if exp_text != text:
                    obj.setText(exp_text)

        kpf = filter_t()
        line_edit.installEventFilter(kpf)
        print("All set")

Update (April 25th, 2019)

Elias Bachaalany has a follow-up blog post about this topic: http://0xeb.net/2019/04/climacros-ida-productivity-tool/

Hack of the day #1: Decompiling selected functions

Intended audience

IDA 7.2 users, who have experience with IDAPython and/or the decompiler.

The problem

As you may already know, the decompilers allow not only decompiling the current function (shortcut F5) but also all the functions in the database (shortcut Ctrl+F5).

A somewhat less-well known feature of the “multiple” decompilation, is that if a range is selected (for example in the IDA View-A), only functions within that range will be decompiled.

Alas this is not good enough for the use-case of one of users, who would like to be able to select entries in the list provided by the
Functions window, and decompile those (the biggest difference with the “IDA View-A range” approach, is that there can be gaps in the selection — functions that the user doesn’t want to spend time decompiling.)

The solution

Although IDA doesn’t provide a built-in solution for this particular use-case (it cannot cover them all), we can use IDA’s scriptability to come up with the following IDAPython script, which should offer a very satisfying implementation of the idea described above:

import ida_kernwin
import ida_funcs
import ida_hexrays

class decompile_selected_t(ida_kernwin.action_handler_t):
    def activate(self, ctx):
        out_path = ida_kernwin.ask_file(
            True,
            None,
            "Please specify the output file name");
        if out_path:
            eas = []
            for pfn_idx in ctx.chooser_selection:
                pfn = ida_funcs.getn_func(pfn_idx)
                if pfn:
                    eas.append(pfn.start_ea)
            ida_hexrays.decompile_many(out_path, eas, 0)
        return 1

    def update(self, ctx):
        if ctx.widget_type == ida_kernwin.BWN_FUNCS:
            return ida_kernwin.AST_ENABLE_FOR_WIDGET
        else:
            return ida_kernwin.AST_DISABLE_FOR_WIDGET

ACTION_NAME = "decompile-selected"

ida_kernwin.register_action(
    ida_kernwin.action_desc_t(
        ACTION_NAME,
        "Decompile selected",
        decompile_selected_t(),
        "Ctrl+F5"))

class popup_hooks_t(ida_kernwin.UI_Hooks):
    def finish_populating_widget_popup(self, w, popup):
        if ida_kernwin.get_widget_type(w) == ida_kernwin.BWN_FUNCS:
            ida_kernwin.attach_action_to_popup(
                w,
                popup,
                ACTION_NAME,
                None)

hooks = popup_hooks_t()
hooks.hook()

IDA 7.2 – The Mac Rundown

We posted an addendum to the release notes for IDA 7.2: The Mac Rundown.

It dives much deeper into the Mac-specific features introduced in 7.2, and should be great reference material for users interested in reversing the latest Apple binaries. It’s packed full of hints, tricks, and workarounds.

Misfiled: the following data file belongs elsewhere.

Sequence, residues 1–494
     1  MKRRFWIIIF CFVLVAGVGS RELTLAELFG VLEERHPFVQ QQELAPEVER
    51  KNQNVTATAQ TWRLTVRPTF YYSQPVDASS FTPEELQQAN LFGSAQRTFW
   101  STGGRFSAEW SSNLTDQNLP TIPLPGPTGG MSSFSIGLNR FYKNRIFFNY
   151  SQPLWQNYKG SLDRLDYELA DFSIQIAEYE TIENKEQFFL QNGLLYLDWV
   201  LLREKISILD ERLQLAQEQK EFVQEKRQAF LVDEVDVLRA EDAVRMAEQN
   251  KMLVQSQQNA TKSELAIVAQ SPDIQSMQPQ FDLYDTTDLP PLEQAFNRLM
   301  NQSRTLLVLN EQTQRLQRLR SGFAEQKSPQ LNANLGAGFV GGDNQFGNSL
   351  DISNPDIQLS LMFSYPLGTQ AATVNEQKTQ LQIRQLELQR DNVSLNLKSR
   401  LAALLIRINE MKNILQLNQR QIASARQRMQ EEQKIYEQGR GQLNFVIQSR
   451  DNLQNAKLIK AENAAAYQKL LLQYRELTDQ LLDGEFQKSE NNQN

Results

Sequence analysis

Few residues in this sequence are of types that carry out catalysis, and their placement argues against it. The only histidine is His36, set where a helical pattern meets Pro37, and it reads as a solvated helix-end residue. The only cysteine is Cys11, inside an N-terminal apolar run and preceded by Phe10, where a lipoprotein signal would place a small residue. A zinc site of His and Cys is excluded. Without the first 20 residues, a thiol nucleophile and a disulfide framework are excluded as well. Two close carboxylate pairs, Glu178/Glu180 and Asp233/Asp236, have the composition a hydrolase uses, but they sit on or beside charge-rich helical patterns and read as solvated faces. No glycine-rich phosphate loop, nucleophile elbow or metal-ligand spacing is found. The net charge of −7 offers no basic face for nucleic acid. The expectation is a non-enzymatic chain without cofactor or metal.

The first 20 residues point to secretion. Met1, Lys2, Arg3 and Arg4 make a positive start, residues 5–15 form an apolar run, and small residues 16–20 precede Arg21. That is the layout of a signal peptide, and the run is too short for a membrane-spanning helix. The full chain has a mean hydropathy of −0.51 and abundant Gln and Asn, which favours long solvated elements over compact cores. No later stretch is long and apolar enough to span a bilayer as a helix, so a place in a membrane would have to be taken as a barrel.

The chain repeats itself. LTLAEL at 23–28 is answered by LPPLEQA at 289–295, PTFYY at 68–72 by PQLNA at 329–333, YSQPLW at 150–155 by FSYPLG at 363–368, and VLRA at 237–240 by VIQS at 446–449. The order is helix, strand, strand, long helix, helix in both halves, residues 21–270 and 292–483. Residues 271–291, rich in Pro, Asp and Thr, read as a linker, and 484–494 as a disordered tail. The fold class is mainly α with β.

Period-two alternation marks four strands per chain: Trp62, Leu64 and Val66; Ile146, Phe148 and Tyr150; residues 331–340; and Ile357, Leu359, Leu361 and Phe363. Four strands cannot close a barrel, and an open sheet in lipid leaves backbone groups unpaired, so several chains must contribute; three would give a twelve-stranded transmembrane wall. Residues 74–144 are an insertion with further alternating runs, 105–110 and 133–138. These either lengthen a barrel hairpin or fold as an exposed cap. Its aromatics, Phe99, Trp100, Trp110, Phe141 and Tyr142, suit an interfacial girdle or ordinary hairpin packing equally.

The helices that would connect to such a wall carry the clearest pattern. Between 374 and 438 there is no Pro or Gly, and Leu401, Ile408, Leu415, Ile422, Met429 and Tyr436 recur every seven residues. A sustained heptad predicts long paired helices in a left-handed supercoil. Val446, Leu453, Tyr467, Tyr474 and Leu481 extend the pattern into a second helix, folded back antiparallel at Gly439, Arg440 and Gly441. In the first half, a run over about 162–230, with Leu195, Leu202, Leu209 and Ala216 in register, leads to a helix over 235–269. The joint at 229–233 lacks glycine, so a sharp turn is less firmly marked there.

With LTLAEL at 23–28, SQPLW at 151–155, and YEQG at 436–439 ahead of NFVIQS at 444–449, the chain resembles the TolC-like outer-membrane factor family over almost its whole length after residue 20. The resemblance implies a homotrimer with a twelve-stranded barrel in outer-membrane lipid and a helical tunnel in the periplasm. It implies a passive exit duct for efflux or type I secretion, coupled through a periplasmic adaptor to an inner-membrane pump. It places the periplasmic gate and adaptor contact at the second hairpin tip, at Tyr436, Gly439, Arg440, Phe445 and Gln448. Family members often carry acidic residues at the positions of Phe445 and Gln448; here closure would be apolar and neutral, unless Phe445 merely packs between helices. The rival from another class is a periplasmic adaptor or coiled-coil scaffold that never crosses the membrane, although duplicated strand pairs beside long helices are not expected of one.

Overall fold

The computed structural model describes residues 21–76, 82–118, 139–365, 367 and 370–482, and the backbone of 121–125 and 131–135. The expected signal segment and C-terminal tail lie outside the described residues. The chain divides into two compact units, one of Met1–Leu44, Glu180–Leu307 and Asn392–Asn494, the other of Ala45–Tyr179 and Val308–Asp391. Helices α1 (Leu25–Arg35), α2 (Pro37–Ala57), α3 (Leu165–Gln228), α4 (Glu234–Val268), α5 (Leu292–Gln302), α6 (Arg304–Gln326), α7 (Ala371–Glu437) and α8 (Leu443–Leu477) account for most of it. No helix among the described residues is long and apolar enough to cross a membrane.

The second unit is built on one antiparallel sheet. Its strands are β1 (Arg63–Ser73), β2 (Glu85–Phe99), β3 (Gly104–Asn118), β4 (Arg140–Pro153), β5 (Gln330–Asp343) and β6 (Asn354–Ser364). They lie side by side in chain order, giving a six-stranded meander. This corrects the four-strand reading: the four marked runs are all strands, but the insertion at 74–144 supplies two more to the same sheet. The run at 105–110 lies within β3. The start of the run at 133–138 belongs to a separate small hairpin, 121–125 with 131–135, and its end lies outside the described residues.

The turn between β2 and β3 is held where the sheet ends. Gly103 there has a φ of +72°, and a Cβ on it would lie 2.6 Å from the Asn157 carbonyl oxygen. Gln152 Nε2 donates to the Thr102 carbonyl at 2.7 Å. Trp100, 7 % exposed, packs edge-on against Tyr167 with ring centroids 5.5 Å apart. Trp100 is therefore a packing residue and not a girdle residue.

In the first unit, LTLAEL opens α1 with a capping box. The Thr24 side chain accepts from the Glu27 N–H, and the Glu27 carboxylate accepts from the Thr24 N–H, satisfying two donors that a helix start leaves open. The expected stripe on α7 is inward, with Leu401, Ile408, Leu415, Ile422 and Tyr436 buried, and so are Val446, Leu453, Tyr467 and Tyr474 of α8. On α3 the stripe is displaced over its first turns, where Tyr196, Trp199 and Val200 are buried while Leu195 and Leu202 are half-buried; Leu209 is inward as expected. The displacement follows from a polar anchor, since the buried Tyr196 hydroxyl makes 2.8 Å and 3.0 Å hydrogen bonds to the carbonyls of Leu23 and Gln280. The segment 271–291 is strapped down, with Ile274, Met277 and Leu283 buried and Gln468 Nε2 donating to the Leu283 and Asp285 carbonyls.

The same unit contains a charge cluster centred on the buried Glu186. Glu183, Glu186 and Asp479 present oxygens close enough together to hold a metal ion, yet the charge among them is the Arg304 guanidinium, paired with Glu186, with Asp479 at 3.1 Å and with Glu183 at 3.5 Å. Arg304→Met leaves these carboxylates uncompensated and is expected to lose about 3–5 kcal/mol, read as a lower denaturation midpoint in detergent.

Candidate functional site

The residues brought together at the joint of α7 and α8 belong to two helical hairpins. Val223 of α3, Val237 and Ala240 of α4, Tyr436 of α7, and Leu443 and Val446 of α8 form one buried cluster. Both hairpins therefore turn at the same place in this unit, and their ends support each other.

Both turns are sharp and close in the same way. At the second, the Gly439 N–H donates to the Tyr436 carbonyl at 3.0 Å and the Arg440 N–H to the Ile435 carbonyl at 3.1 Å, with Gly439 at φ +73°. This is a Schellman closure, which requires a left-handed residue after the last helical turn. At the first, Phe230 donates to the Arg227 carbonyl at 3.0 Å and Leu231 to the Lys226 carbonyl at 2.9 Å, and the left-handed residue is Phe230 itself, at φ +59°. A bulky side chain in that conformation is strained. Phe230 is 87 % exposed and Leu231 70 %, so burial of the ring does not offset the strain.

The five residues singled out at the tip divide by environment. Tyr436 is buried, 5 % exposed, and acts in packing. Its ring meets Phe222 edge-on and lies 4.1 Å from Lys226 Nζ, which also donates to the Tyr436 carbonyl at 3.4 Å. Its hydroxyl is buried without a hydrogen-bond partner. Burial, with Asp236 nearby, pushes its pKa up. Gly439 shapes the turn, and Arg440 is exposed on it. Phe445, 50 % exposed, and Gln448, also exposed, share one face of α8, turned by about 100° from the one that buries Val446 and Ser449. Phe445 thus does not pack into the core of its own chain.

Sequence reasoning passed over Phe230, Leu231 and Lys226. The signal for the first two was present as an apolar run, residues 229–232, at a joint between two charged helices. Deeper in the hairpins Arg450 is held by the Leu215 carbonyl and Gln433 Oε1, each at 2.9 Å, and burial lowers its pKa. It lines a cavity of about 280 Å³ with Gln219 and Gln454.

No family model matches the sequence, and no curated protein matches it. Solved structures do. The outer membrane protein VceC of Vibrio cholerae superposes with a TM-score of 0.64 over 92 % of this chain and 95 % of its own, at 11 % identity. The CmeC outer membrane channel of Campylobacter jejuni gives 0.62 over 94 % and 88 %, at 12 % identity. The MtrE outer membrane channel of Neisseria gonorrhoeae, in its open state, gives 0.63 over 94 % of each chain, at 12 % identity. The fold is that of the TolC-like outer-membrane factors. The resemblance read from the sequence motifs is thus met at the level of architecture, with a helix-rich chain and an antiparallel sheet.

We hope you will find it quite useful!

IDA 7.2: Qt 5.6.3 configure options & patch

A handful of our users have already requested information regarding the Qt 5.6.3 build, that is shipped with IDA 7.2.

Configure options

Here are the options that were used to build the libraries on:

  • Windows: ...\5.6.3\configure.bat "-nomake" "tests" "-qtnamespace" "QT" "-confirm-license" "-accessibility" "-opensource" "-force-debug-info" "-platform" "win32-msvc2015" "-opengl" "desktop" "-prefix" "C:/Qt/5.6.3-x64"
    • Note that you will have to build with Visual Studio 2015 or newer, to obtain compatible libs
  • Linux: .../5.6.3/configure "-nomake" "tests" "-qtnamespace" "QT" "-confirm-license" "-accessibility" "-opensource" "-force-debug-info" "-platform" "linux-g++-64" "-developer-build" "-fontconfig" "-qt-freetype" "-qt-libpng" "-glib" "-qt-xcb" "-dbus" "-qt-sql-sqlite" "-gtkstyle" "-prefix" "/usr/local/Qt/5.6.3-x64"
  • Mac OSX: .../5.6.3/configure "-nomake" "tests" "-qtnamespace" "QT" "-confirm-license" "-accessibility" "-opensource" "-force-debug-info" "-platform" "macx-clang" "-debug-and-release" "-fontconfig" "-qt-freetype" "-qt-libpng" "-qt-sql-sqlite" "-prefix" "/Users/Shared/Qt/5.6.3-x64"

patch

In addition to the specific configure options, the Qt build that ships with IDA includes the following patch. You should therefore apply it to your own Qt 5.6.3 sources before compiling, in order to obtain similar binaries (patch -p 1 < path/to/qt-5_6_3_full-IDA72.patch)

Note that this patch should work without any modification, against the 5.6.3 release as found there. You may have to fiddle with it, if your Qt 5.6.3 sources come from somewhere else.

Hex-Rays Microcode API vs. Obfuscating Compiler

This is a guest entry written by Rolf Rolles from Mobius Strip Reverse Engineering. His views and opinions are his own, and not those of Hex-Rays. Any technical or maintenance issues regarding the code herein should be directed to him.

In this entry, we’ll investigate an in-the-wild malware sample that was compiled by an obfuscating compiler to hinder analysis. We begin by examining its obfuscation techniques and formulating strategies for removing them. Following a brief detour into the Hex-Rays CTREE API, we find that the newly-released microcode API is more powerful and flexible for our task. We give an overview of the microcode API, and then we write a Hex-Rays plugin to automatically remove the obfuscation and present the user with a clean decompilation.

Continue reading Hex-Rays Microcode API vs. Obfuscating Compiler